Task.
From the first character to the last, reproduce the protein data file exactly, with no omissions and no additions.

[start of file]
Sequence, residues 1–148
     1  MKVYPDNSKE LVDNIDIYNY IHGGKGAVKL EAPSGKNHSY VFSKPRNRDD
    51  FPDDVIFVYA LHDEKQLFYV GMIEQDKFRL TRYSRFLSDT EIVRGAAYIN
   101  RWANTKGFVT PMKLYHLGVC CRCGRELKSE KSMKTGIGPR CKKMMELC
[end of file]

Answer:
Sequence, residues 1–148
     1  MKVYPDNSKE LVDNIDIYNY IHGGKGAVKL EAPSGKNHSY VFSKPRNRDD
    51  FPDDVIFVYA LHDEKQLFYV GMIEQDKFRL TRYSRFLSDT EIVRGAAYIN
   101  RWANTKGFVT PMKLYHLGVC CRCGRELKSE KSMKTGIGPR CKKMMELC